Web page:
A farmworker from the Omaheke region on the eastern border of Namibia has died from Crimean-Congo hemorrhagic fever (CCHF), according to Namibia health officials.
According to a report in The Namibian, The unidentified man died on Feb. 22 after being admitted to the Gobabis District Hospital when he vomited blood. He was treated for fever, diarrhea, and coughing a few days earlier. Family members confirmed that he was bitten by a tick.
As a response and intervention, 4 nurses and a doctor who had close contact with the deceased have been quarantined and are currently being monitored at Gobabis.
According to the WHO, Crimean-Congo hemorrhagic fever is a widespread disease caused by a tick-borne virus (Nairovirus) of the Bunyaviridae family. The CCHF virus causes severe viral hemorrhagic fever outbreaks, with a case fatality rate of 10–40%.
CCHF is endemic in Africa, the Balkans, the Middle East and Asian countries south of the 50th parallel north – the geographical limit of the principal tick vector. The hosts of the CCHF virus include a wide range of wild and domestic animals such as cattle, sheep and goats.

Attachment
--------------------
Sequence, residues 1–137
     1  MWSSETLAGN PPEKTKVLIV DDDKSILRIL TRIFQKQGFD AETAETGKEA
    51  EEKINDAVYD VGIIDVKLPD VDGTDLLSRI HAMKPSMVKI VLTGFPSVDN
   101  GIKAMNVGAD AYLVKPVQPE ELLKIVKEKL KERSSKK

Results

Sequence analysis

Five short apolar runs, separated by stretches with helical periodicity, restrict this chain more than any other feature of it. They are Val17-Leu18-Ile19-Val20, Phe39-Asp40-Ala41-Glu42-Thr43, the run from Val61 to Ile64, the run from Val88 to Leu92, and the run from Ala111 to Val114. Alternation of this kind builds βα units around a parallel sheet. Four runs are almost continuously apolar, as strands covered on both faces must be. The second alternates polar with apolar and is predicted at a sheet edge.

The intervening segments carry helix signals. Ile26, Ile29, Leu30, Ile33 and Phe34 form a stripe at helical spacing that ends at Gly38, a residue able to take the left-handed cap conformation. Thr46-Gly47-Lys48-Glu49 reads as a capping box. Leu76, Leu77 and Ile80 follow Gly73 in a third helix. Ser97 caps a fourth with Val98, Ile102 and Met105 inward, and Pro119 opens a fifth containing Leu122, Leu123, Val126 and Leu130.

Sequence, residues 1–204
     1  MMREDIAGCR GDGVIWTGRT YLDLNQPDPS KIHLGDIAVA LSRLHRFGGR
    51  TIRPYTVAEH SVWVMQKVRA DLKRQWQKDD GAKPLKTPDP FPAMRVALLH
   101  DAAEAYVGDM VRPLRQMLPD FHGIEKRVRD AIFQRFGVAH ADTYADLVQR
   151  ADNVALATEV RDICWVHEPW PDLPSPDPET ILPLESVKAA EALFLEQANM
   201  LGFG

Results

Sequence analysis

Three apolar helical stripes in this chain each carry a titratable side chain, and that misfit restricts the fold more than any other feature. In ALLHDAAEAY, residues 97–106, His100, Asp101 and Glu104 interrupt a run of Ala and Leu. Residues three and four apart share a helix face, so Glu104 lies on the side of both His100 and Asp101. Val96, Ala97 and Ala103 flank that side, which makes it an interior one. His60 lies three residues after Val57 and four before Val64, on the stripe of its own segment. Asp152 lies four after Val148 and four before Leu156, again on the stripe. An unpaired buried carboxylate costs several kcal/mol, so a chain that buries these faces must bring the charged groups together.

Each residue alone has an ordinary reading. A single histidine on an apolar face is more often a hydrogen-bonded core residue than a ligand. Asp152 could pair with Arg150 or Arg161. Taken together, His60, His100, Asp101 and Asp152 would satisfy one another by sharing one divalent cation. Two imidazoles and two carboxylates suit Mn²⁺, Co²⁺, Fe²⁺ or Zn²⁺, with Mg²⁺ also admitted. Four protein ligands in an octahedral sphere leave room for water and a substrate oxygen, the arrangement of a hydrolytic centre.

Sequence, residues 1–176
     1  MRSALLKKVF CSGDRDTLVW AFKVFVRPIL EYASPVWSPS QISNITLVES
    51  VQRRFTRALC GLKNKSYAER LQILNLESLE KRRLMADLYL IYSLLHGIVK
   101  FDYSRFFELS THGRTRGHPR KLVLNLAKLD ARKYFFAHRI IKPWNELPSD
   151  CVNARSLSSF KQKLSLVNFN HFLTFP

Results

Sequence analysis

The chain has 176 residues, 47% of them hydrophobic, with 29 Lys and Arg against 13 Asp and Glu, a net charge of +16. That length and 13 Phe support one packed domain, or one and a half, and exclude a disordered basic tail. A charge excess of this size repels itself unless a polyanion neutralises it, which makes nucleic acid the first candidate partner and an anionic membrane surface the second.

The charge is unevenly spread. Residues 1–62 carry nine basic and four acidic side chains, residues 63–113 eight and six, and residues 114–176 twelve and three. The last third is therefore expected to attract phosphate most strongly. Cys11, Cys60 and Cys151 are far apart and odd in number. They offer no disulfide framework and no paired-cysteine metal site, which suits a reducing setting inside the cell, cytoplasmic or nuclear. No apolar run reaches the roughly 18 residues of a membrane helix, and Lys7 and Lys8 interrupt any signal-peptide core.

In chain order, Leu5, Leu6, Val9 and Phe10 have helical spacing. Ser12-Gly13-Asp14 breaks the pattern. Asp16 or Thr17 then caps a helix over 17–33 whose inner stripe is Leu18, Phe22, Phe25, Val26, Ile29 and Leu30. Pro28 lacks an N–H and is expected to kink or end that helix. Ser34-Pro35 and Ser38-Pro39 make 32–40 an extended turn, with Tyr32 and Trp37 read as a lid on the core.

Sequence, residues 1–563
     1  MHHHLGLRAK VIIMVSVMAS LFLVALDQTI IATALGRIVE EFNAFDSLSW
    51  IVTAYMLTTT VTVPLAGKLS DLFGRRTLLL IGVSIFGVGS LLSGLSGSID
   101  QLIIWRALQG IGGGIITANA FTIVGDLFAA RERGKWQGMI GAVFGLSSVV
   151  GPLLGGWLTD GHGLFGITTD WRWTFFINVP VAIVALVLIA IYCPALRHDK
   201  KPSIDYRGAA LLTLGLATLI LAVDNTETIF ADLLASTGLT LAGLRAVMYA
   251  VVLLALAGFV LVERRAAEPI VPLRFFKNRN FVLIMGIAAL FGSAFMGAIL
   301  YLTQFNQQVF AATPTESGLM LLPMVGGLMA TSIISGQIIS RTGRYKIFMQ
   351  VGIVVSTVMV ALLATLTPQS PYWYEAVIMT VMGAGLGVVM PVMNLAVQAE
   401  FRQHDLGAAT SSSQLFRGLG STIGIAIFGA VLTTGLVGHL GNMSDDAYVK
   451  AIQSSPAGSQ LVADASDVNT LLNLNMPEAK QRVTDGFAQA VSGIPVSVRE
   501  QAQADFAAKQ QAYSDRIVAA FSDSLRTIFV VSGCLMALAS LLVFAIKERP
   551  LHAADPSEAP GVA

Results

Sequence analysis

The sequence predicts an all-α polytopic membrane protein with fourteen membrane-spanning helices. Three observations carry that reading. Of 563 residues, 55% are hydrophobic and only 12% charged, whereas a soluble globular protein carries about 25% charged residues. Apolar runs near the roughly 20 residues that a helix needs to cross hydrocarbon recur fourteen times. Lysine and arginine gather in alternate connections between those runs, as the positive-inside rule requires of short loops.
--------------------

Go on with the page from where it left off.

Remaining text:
Animals become infected by the bite of infected ticks and the virus remains in their bloodstream for about one week after infection, allowing the tick-animal-tick cycle to continue when another tick bites. Although a number of tick genera are capable of becoming infected with CCHF virus, ticks of the genus Hyalomma are the principal vector.
The CCHF virus is transmitted to people either by tick bites or through contact with infected animal blood or tissues during and immediately after slaughter. The majority of cases have occurred in people involved in the livestock industry, such as agricultural workers, slaughterhouse workers and veterinarians. Human-to-human transmission is possible.
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